The airplane wreckage was examined at the accident site on the day of the accident, and again on the following day. The wreckage scatter path (diagram attached) was oriented along magnetic north and was measured to be about 220 feet in length along heavily wooded terrain. The accident site was located at an elevation of about 1,100 feet and 6.2 nautical miles due magnetic south of the Portland-Troutdale Airport. The terrain was sloping upward from a valley toward the initial impact site. The initial slope of the terrain rising from the valley was about 20 degrees, then gradually flattened to an upslope angle of about 10 degrees at the accident site.

The initial impact point was identified by pieces of aircraft aluminum found imbedded in a 16-inch-wide tree at a point 60 feet above the ground. The outboard section of the right wing was found on the ground about 50 feet from this tree, followed by the left horizontal stabilizer and rudder, left wing sections, engine, cockpit area, propeller, engine, cowling pieces, and nose landing gear. Evidence of a ground fire was found encompassing the central portion of the accident site.

All primary and secondary flight control surfaces were accounted for at the accident site. No evidence was found to indicate a flight control deficiency. The wing flaps were found extended in the 10 degree position. The landing gear was found in the retracted position. Both wing fuel tanks and associated fuel lines were compromised. The cabin area and instrument panel were destroyed by fire and impact forces.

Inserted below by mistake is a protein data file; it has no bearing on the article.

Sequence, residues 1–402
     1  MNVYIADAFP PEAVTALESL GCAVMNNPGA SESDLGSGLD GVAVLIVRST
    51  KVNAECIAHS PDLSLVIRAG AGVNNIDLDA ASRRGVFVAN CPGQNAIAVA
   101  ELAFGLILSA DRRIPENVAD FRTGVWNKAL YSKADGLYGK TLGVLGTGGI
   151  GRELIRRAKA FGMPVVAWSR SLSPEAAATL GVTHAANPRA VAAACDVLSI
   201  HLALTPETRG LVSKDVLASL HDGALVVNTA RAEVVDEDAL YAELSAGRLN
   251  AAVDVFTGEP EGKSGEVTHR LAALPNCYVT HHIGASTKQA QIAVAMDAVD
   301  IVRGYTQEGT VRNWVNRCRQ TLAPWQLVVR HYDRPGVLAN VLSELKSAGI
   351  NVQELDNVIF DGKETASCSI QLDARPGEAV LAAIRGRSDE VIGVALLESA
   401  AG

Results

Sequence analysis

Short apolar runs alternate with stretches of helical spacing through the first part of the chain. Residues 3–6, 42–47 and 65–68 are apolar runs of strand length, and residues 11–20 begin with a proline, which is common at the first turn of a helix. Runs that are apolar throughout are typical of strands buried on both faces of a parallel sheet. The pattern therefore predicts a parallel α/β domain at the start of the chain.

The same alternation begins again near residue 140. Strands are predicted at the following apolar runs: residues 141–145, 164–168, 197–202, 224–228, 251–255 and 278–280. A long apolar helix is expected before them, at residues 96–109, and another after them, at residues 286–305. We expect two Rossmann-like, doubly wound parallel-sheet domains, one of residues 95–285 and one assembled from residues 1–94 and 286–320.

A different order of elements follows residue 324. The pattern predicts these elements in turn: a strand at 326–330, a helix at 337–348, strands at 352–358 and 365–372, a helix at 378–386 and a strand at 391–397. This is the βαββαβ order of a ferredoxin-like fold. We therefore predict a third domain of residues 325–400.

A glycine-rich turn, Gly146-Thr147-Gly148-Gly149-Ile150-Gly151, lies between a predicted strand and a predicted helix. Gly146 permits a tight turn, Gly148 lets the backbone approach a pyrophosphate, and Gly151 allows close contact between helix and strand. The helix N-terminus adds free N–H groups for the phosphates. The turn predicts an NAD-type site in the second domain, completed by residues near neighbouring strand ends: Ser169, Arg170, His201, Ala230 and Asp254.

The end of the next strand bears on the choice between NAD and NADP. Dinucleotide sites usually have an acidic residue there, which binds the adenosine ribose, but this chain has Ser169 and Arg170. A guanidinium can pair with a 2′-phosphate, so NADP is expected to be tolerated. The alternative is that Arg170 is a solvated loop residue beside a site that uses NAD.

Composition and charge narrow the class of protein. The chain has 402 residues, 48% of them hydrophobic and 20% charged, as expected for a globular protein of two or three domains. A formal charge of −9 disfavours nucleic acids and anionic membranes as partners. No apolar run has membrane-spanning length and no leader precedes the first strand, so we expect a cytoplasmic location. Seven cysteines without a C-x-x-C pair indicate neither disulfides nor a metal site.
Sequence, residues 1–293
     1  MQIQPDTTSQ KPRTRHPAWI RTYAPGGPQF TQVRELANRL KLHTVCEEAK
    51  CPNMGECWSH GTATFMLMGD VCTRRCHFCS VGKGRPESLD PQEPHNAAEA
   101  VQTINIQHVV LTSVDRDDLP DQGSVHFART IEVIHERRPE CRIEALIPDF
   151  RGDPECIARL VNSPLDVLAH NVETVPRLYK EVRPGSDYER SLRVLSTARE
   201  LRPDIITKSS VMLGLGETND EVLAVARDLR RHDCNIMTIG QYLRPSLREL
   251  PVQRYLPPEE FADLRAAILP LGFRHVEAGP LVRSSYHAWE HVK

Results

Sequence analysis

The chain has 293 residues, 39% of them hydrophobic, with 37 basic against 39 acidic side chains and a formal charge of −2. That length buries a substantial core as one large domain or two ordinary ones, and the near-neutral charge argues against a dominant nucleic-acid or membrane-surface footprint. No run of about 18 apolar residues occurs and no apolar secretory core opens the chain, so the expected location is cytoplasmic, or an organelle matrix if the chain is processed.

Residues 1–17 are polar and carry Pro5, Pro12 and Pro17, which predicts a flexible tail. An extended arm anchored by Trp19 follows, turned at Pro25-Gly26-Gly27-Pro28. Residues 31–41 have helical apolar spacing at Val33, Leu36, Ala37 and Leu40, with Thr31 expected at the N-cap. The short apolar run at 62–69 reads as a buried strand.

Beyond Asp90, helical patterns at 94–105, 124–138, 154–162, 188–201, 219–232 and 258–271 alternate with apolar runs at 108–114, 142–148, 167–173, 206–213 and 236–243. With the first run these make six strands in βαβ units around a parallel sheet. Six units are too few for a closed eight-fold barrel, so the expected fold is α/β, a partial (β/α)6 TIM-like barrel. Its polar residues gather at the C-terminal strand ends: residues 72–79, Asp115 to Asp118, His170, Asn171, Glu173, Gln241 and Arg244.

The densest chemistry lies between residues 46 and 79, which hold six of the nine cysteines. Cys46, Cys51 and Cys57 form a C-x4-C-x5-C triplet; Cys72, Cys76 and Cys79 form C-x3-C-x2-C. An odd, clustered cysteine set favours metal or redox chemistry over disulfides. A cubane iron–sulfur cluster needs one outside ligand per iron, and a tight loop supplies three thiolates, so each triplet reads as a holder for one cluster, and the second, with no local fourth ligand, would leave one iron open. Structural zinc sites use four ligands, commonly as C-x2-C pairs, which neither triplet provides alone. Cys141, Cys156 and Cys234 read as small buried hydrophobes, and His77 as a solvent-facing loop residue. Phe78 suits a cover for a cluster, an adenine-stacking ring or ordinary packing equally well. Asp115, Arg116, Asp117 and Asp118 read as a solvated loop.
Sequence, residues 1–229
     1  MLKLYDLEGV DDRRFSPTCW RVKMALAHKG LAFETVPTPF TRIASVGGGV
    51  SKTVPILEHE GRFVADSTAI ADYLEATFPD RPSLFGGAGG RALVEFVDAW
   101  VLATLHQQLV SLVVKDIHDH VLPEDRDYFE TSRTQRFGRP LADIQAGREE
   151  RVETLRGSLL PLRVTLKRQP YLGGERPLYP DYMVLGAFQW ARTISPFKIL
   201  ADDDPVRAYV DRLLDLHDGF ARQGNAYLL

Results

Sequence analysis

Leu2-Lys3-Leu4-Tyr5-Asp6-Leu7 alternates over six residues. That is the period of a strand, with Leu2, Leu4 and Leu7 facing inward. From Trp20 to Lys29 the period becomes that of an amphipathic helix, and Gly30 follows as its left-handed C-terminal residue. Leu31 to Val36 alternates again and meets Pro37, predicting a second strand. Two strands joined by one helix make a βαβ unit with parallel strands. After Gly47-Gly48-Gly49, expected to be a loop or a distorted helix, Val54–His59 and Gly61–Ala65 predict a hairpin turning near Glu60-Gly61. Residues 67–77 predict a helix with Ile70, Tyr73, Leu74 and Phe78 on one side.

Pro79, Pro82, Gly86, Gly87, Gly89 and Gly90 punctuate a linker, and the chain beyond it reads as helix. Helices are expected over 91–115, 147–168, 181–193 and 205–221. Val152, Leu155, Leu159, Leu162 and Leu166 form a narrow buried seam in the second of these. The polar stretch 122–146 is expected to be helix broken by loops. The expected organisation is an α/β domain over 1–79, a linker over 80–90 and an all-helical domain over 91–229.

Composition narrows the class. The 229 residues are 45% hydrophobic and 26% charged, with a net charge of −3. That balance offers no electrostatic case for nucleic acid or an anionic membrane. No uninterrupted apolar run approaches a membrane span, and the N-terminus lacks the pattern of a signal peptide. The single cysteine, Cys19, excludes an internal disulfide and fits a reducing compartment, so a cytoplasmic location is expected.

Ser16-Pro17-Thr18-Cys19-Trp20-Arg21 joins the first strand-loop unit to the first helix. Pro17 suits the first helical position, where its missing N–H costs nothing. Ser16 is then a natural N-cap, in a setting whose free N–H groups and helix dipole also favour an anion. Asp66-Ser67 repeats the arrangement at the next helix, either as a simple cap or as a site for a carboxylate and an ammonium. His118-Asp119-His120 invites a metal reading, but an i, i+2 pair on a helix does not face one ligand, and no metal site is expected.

The engine underwent an external examination at the accident site, and was then airlifted to an area where it could be inspected in detail. The external examination and detailed inspection did not reveal evidence of any preimpact mechanical malfunctions.

All three propeller blades were found attached to the hub. The hub had separated from the engine and was located at the accident site. Blade no. 1 was secure in the hub and exhibited slight "S" bending near its tip. Blade no. 2 was found broken in the hub; its tip also exhibited a slight "S" bend, and it had numerous scratches that ran about 45 degrees to its chordwise direction. Blade no. 3 was clean, intact, and secure in the hub; it exhibited less damage than the other two blades.


An autopsy was performed on the pilot by Dr. Larry V. Lewman, M.D., of the State of Oregon Medical Examiner Division, Portland, Oregon, on November 15, 1996. The cause of death was listed as "Head and Chest Trauma." A toxicological analysis was ordered and performed on specimens taken from the pilot by the FAA Civil Aeromedical Institute in Oklahoma City, Oklahoma. According to their report (attached), results were negative for carbon monoxide, cyanide, alcohol, and all screened drugs.


The aircraft wreckage was released to Mr. Edward F. Stewart, Assistant Vice President, United States Aviation Underwriters, Seattle, Washington, on November 16, 1996. Mr. Stewart was representing the registered owner of the airplane at the time of the release.

NTSB Probable Cause

The pilot's attempt to conduct visual flight into instrument meteorological conditions. A factor contributing to the accident was the presence of thick fog.